This greenish tint is imperceptible but it is truly there. You can see it in action by placing two perfectly aligned mirrors facing each other so the reflected light constantly bounces off each other. This phenomenon is known as a “mirror tunnel” or “infinity mirror.” According to a study performed by physicists in 2004, “the color of objects becomes darker and greener the deeper we look into the mirror tunnel.” The physicists found that mirrors are biased at wavelengths between 495 and 570 nanometers, which corresponds to green.

So, in reality, mirrors are actually white with a tiny tint of green.

Bluestreak Cleaner Wrasse.

Tiny fish passes mirror test, might be self-aware

Another animal passes the mirror test — surprisingly, this time it’s a fish. The mirror test is a classic experiment used to determine animal self-awareness that only a handful of species have passed.

Bluestreak Cleaner Wrasse.

There might be more to the Bluestreak Cleaner Wrasse (Labroides dimidiatus) than meets the eye. Image credits Elias Levy.

A paper published by an international research team suggest that there might be more to the mind of the cleaner wrasse than we’d suspected. This tiny, unassuming tropical fish has just joined the few creatures that seem able to recognize their own reflection, the team writes.

Self-reflection

The mirror self-recognition test (MSR) was first used during the 1970s by psychologist Gordon Gallup. Gallup presented the mirror to a group of adolescent chimpanzees, who — having never seen a mirror before — initially treated the images they saw as threats. After some time, however, they started shifting their behavior. In time, they learned that the mirror showed them a reflection of their own bodies, and so started to use them to groom or inspect themselves.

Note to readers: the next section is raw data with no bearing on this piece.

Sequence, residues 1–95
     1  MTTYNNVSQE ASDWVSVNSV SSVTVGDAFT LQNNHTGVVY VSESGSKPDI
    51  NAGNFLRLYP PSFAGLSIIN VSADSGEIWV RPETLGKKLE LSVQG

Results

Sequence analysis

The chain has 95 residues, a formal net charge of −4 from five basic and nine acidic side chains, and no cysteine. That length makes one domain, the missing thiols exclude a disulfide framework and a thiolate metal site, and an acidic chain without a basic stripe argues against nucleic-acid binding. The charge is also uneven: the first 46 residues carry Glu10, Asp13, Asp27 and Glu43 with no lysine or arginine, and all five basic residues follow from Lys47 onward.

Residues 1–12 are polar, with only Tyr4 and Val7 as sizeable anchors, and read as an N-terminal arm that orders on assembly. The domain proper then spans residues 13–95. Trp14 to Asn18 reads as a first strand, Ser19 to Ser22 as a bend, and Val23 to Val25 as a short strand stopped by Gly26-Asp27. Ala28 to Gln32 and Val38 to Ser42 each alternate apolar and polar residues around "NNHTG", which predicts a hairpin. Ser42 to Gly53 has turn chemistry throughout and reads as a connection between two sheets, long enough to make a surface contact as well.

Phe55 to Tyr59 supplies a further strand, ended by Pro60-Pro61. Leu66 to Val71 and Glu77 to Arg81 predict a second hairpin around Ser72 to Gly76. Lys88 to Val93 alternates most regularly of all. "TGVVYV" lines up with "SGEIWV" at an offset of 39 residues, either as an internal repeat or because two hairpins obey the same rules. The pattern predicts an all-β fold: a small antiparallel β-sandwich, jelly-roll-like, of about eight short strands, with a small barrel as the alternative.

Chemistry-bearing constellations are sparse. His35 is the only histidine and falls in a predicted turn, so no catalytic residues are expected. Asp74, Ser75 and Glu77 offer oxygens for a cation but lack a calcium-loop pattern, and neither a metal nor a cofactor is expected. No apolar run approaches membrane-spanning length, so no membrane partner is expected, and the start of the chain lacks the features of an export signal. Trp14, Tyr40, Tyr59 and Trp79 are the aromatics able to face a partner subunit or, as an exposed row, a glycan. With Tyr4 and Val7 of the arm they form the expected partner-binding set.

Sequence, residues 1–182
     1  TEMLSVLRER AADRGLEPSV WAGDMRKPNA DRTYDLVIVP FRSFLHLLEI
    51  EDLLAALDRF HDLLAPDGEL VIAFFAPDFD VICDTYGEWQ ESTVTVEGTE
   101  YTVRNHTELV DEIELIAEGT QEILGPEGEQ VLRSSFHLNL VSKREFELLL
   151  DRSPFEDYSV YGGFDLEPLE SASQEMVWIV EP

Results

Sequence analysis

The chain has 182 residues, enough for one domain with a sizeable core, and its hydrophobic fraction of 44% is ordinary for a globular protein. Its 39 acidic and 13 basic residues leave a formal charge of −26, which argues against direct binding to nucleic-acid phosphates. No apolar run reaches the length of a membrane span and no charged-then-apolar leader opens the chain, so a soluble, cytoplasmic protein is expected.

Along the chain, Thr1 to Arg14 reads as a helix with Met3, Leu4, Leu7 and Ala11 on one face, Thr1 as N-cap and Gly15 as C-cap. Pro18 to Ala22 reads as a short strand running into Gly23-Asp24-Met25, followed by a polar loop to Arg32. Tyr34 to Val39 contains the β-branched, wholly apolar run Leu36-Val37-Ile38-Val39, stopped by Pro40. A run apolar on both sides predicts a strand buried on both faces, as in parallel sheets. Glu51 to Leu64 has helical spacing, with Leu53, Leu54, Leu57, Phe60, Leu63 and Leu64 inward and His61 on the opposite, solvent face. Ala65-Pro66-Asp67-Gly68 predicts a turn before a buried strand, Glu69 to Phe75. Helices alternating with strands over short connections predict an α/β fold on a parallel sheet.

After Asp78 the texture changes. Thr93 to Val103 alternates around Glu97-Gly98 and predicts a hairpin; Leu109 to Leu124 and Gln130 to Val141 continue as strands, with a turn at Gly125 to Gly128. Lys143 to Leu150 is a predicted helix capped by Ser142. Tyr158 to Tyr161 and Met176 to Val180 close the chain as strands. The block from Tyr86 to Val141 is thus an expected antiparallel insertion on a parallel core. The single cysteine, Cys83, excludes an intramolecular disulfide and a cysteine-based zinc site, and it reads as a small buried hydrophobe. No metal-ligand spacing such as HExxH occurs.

Gallup concluded that this change in behavior requires some level of self-awareness, a mental model of their own body as distinct from friends, foes, or other parts of the environment. The mirror test thus imposed itself as a key tool for researchers studying animal self-recognition.

The golden standard relies on the animal reacting in an unusual manner towards a novel feature of their body seen in the mirror. For example, if you see a spot of paint on your forehead in the mirror, you’d try to wipe it off. You do this because you recognize your face as being your own and because you can recognize the paint as not being ‘you’.

Bluestreak cleaner wrasse.

Image via Wikimedia.

Since the 1970s, a few other animal species, usually mammals or birds, have passed the test as well. These range from ants to elephants (you can see a full list here). Some of these results, however, are still debated: manta rays, for example, acted oddly in front of mirrors, suggesting there was some sort of awareness behind their actions, but nothing conclusive could yet be determined. Many animals we consider social and intelligent, such as dogs, cats, or octopuses, have routinely failed the mirror test. Even humans often struggle with it, with some cultures not passing until six years of age or older.